There are many avenues for black men and women to showcase their stories to the world without hollywood, now thanks to the internet. With Netflix, Hulu, and other black media companies producing shows on youtube and elsewhere that aren’t stereotypes, we should have no problem getting our stories out there. Why are some of us still groveling at the feet of these hollywood execs? As soon as you come up with a concept of the show that shows black lead characters in positive roles, with a range of complexities, it gets shot down or molded to fit hollywood image of what a black man or woman should look like. You can say there is a ban on black intellectual characters. Their favorite one is when the lead character must look racially ambiguous, as if to say, black lead characters who aren’t of lighter skin tone aren’t relatable to the larger audience unless they are. And if you look at the racial makeup of writers, execs and producers in hollywood, it’s mostly white and many times, when they are tasked to write or produce out stories, it falls flat or it adopts old racist tropes.

    And this must be said: Hollywood isn’t the only problem. It’s our society that is at fault. Very rarely are we seen through the scope of “awkward”, geek, or smart by the larger American society. So much of our society is saturated with negative images of black men and women to the point were we are synonymous with criminality and unintelligence. It’s a crime in the highest order and some of the very people who put these images out there are black.

  • D1Mind

    Actually it is good to see what the situation really is as opposed to what people want it to be. And not too long ago many folks were talking about how progressive things are for black folks and debating why certain casting decisions weren’t necessarily about skin color (as if they didn’t know the true reason). At some point folks have to grow up and admit that folks aren’t going to use something THEY built to be used to promote other folks and leave themselves on the back burner. That is simply not how things work. Now black folks have an opportunity (since obviously we have so many talented Africans all over the place) to actually go ahead and create their own platform. Or they can keep getting kicked in the face and pretend it is a ‘love tap’.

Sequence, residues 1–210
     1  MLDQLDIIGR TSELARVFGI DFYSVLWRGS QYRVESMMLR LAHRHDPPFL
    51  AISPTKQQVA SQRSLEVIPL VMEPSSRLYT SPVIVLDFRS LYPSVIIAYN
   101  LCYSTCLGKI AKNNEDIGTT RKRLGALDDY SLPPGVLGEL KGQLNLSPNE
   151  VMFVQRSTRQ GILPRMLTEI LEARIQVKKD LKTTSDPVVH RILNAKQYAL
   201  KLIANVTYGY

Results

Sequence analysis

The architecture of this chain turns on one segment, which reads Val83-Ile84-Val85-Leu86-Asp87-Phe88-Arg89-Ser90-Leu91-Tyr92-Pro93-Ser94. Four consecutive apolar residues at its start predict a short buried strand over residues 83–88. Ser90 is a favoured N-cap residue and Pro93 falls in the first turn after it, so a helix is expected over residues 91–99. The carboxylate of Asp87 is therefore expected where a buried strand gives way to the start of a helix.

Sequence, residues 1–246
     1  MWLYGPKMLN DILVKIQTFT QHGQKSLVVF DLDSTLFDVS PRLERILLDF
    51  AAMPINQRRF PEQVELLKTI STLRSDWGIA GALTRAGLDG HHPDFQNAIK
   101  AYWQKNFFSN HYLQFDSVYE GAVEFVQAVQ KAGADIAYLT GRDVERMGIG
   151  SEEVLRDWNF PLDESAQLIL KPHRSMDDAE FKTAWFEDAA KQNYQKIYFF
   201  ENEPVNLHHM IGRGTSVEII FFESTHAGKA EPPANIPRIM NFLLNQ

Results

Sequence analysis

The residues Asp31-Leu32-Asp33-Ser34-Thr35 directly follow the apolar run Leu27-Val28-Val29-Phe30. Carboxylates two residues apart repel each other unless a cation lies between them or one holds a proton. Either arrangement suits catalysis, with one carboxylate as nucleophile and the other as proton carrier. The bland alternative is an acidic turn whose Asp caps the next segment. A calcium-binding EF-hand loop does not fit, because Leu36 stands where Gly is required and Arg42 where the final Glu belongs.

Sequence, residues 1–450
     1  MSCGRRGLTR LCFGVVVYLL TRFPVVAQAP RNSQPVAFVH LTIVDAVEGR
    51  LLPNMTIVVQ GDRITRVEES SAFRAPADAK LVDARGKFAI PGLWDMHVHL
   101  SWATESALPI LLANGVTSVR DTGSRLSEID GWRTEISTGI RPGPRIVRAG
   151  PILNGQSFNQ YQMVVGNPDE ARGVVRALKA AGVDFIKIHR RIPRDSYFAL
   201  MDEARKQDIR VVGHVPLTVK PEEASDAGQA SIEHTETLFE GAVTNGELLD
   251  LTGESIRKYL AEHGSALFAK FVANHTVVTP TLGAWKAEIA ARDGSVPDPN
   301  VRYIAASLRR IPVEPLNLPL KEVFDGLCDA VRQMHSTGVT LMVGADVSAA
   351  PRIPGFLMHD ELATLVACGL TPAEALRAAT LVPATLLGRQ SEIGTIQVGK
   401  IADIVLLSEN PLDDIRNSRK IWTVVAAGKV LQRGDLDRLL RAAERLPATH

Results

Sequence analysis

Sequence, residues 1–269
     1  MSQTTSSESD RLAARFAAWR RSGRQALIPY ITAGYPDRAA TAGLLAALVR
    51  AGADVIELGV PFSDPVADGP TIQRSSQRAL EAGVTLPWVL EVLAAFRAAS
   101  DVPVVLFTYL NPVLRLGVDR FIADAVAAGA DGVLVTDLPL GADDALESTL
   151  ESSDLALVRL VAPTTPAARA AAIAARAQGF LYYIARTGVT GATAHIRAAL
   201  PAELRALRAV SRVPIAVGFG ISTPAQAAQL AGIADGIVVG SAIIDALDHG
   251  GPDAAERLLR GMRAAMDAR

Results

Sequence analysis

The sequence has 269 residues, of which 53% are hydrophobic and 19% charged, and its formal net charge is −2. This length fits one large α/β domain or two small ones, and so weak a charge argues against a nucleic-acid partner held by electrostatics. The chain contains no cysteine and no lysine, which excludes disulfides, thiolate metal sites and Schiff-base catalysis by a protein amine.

• mywordsaremypower

    You know how popular Awkward Black Girls would be if it was broadcast if it had the same cast it had? It would blow that dutty Girls out the water. I watched one series and it was so dry, there was nothing funny about it. Oh wait I get? I have to be a white 20 something female who moans about how hard life is. Of course they don’t want the show to overshadow a white running snore fest as it would not look good. I love Issa Rae, she has so much talent it’s a shame she has to be a whole few shades lighter to get noticed like “Lena Bordem”. Issa is a true representation of a roll model regardless of what you race is.

  • lnmFYI92

    We should not be surprised that white owned and operated networks and media continue to treat us and our stories like this. They will never greenlight diverse stories about black men and women that divert from the agenda of destroying our image and perpetuating stereotypes. We as black people should aim to create our own media and invest in ourselves, through pooling our resources together and supporting our own. It is only when we CONTROL our own networks, movie companies etc, that we will feel a sense of pride in seeing the diversity of our people. White companies won’t do right by us and we should stop expecting them to. It’s a waste of time.

    My dream is to see directors like Ava Duvernay, Shonda Rhimes, Spike Lee, Tyler Perry, and other prominent black actors and actresses pool their resources together to create a black media company that has the power to create media that not only makes us proud but also employs black writers, producers, film makers , actors ,actresses etc. We will be able to see the stories that represent us and put our people to work in the creative fields. Forget HBO etc. The true power is in us owning and controlling. For us and by us.